Photography Is Complex, Simple, Subjective, Factual and Everything In-between
Do you ever get that feeling something is not quite right with your image? Compositionally it looks fantastic but something is just jarring your view of it. It’s a very common issue when people progress from pure beginners to a more intermediate level.
Skills Learning for Photographers!
How's your Black and White post processing? Well, here's a secret. You don't need to be spending tons of money on expensive software and plugins, what you d need to spend on is time and practice along with this fantastic guide by pro photography author Kent DuFault.
As beginners, we often fail to see issues within an image. Bowled over by a sense of pride in our capture we tend not to look at the more technical aspects if it. As we progress we start to see beyond the aesthetic and look at the technical aspects.
Today, we are helping you to identify the 6 most common problems with a photograph.
The first problem is not actually an “image problem” but the way you view it. Forget judging the image on the LCD screen of your camera, that will give you little to no visual information.
You need to make judgments on a proper computer screen, preferably one that has been color calibrated. Color calibration is an important part of getting your technical game on point and need not be expensive these days. So assuming you are looking at your images on a color-calibrated screen, what other problems might we find?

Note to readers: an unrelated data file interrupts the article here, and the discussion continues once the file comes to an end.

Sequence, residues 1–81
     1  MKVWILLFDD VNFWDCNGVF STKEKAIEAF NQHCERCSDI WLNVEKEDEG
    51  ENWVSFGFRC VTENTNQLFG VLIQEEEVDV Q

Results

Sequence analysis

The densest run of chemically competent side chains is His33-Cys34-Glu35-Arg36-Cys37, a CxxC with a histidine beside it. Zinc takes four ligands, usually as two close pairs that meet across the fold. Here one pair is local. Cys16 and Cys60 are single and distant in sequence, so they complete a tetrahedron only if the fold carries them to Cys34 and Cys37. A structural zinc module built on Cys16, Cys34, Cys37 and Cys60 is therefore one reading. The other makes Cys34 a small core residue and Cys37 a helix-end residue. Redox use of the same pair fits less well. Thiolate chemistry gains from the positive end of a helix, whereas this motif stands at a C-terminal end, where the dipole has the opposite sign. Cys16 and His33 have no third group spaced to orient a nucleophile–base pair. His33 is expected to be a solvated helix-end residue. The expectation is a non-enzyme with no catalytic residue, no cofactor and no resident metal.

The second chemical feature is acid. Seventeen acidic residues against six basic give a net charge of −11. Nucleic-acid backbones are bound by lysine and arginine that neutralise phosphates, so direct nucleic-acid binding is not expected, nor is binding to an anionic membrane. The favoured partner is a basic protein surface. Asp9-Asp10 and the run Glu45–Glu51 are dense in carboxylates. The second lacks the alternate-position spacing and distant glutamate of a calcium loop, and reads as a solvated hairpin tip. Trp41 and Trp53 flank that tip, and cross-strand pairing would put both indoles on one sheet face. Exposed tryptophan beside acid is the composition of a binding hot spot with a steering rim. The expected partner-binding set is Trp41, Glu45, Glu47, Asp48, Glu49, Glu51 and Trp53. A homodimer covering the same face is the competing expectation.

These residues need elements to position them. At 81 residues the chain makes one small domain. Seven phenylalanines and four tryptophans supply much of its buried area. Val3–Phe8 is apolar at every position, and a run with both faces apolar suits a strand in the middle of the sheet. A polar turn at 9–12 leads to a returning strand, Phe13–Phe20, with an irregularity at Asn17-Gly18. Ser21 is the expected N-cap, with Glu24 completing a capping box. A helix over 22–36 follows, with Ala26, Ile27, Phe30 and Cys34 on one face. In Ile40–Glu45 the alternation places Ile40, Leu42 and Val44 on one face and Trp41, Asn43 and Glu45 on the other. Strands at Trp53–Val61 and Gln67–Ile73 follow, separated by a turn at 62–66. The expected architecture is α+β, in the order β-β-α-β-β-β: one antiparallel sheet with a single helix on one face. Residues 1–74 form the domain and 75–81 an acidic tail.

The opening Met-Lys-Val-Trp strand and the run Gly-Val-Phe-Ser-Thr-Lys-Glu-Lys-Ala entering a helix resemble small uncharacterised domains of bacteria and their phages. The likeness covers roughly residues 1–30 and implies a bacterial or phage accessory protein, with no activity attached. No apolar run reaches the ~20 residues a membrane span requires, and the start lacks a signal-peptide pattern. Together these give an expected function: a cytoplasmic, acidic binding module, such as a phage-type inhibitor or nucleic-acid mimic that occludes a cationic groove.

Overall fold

Exposure – Clipping
Clipping occurs when you overexpose an image. It manifests itself as the brightest parts of the image going pure white, even if they were not pure white in the actual scene.
It's probably the biggest problem with a photograph as it is unrecoverable in post production. Trying to pull the highlights back, in say Photoshop, will just give you a uniform gray block rather than any definition.
The solution? Keep an eye on your histogram and clipping alerts when shooting. Switching on clipping alerts will show clipped parts of an image as a flashing block of color. The histogram will show you potential clipping when the exposure is spilling off the right side of the graph.